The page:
“This was a cracking town,” said John Bramwell (“John the Fish”), who has been purveying cod, haddock and non-stop banter to Nelson for 41 years, first on the market, now from one of the last white-run, independent shops in the town centre. Nelson had a football team that played fleetingly (1923-24) in the old Second Division, what is now called the Championship. And in 1929 the Lancashire League cricket team, flashing cash in a manner that baffled the national press, signed Learie Constantine, the most gifted and thrilling West Indian all-rounder of his generation.

“When he arrived, no one in Nelson had ever seen a black man close-to,” said Derek Metcalfe, the club’s historian. “People would cross the road when he passed by. But he grew into their affections. He was a highly intelligent man as well as a great player.” Constantine, after a post-cricket career in the law, Trinidadian politics and diplomacy, finished life in the House of Lords as Baron Constantine of Maraval and Nelson, Britain’s first black peer. In July 1943 the Imperial Hotel in Bloomsbury accepted his booking but not his presence, and he promptly sued. His victory at the high court the following year was an early landmark in the fight against racial discrimination.

It was the 1950s before Nelson would get used to seeing non-white faces again, when the mill owners, battling labour shortages and overseas competition, turned to Pakistan to find biddable and affordable workers. They found them in Gujrat District, which is not one of the more worldly places, even in the rural Punjab.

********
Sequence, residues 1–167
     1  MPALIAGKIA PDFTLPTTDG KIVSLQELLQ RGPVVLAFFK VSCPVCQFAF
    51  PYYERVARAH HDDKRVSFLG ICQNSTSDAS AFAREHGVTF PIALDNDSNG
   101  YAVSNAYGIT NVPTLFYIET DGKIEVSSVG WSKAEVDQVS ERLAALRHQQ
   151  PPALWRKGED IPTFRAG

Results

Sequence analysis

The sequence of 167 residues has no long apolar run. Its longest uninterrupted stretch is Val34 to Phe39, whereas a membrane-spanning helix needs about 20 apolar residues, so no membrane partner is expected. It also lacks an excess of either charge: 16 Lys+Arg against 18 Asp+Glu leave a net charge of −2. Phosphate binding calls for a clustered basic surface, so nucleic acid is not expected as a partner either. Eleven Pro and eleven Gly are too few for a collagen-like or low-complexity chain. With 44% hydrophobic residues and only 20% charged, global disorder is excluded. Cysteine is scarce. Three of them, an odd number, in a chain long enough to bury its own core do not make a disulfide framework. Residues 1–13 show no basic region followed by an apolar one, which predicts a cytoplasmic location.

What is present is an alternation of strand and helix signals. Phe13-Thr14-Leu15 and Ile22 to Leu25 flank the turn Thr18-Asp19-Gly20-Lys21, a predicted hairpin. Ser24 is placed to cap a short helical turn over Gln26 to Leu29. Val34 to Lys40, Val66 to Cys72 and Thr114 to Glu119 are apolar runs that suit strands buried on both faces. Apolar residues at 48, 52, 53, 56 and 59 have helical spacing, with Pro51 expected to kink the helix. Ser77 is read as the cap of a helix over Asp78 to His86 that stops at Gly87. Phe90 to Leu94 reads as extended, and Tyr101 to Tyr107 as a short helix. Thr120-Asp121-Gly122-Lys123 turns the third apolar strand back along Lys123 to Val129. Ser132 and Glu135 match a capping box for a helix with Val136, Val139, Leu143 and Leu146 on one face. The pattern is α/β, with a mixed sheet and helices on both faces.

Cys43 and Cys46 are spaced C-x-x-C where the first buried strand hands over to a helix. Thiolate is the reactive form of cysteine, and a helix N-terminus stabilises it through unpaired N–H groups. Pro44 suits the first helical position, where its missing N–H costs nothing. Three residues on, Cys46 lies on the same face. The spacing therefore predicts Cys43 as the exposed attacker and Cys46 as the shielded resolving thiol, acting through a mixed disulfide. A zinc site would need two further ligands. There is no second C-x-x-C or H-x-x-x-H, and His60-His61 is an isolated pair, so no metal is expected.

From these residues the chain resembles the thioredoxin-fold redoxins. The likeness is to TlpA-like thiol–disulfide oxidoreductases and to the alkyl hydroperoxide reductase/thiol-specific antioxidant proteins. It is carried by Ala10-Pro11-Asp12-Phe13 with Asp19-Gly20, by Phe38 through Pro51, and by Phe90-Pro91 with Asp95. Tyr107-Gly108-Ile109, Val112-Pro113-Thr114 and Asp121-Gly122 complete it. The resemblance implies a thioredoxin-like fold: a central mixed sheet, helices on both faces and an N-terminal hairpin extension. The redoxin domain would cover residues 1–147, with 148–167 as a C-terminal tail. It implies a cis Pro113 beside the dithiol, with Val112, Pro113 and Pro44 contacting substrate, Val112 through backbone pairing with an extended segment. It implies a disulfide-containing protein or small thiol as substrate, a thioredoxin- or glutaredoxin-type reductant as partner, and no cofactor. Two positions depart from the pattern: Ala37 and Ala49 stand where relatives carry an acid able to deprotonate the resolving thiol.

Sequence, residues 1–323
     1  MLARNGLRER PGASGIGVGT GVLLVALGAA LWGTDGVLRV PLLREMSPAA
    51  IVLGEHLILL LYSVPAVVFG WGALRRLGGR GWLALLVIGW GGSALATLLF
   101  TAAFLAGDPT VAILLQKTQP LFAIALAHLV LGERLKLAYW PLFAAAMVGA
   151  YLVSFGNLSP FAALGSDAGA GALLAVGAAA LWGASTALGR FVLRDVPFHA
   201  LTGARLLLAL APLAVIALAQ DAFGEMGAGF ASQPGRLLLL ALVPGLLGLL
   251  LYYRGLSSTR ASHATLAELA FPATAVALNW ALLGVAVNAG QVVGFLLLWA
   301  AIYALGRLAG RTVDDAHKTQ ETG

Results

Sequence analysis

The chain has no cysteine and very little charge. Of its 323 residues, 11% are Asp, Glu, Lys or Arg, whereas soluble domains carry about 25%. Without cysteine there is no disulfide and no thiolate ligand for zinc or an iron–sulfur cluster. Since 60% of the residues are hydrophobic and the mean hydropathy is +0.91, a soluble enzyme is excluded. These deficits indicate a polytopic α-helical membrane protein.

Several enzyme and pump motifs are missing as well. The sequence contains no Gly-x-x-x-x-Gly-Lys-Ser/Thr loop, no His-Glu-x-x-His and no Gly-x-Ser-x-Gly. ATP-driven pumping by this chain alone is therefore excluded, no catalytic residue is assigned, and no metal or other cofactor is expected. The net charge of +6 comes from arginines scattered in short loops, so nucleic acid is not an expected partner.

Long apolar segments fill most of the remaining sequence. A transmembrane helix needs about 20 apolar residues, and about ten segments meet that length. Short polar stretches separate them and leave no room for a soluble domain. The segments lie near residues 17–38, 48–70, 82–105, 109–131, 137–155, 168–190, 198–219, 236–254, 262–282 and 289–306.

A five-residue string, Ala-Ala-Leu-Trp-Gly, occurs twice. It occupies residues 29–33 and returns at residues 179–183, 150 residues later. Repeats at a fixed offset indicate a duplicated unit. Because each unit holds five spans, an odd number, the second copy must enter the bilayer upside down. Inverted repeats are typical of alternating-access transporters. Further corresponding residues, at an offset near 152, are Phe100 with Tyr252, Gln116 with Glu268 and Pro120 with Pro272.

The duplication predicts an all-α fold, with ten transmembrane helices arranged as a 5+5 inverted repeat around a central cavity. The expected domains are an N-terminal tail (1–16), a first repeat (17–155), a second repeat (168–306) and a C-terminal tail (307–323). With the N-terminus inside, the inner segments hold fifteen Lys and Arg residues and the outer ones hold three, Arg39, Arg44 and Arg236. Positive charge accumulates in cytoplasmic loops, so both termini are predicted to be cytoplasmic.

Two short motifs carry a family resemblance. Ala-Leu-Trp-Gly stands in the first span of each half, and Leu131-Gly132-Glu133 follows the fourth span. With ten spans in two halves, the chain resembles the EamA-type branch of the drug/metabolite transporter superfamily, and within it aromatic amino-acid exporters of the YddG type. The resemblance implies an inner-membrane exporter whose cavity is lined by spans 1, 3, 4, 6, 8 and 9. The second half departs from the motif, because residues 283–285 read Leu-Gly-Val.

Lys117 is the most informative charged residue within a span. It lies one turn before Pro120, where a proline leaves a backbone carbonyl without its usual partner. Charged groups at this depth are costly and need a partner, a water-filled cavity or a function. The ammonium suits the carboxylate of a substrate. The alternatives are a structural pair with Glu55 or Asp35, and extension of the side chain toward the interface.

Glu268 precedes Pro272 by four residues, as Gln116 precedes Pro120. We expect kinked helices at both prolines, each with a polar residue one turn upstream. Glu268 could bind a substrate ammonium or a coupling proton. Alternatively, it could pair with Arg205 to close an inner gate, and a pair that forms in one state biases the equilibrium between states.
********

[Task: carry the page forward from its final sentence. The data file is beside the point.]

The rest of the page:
“The first group were young men who in many ways integrated better than they do now. There were no mosques. They went to the pubs with their workmates and knocked around with local women. Then they had to go to the airport to collect the intended wives they hadn’t met yet,” recalled Tony Greaves, the Liberal Democrat peer who is deputy leader of Pendle Borough Council.

The mills disappeared, gradually but inexorably, but the Pakistani community kept growing and has now reached its fourth generation. The young men do not normally spend time in pubs; indeed, in a town of 30,000 people, there are only two left, plus a couple on the outskirts. It is hard to imagine anywhere that size in Britain with fewer. There are, however, at least a dozen mosques. The 2011 census recorded 40 per cent of the population as Asian, but on market day in the town centre the proportion seems much higher. The most prominent retail outlets are two bazaars: the Nelson (the
old Poundstretcher) and the Suraj opposite (the old Woolworths). Few white faces are seen in either: the saris and hijabs are beautiful but of little interest. They are all imported to this textile town from south Asia.

The white people have retreated, either out of the town altogether or to the semis of Marsden, on the hill. In the visible life of Nelson, they are clearly a minority. Population change on this scale can be accommodated, if not always easily, in large cities. It is a different proposition in a small town that was once tight-knit and, despite its closeness to larger places such as Blackburn, Accrington and Burnley, largely self-contained.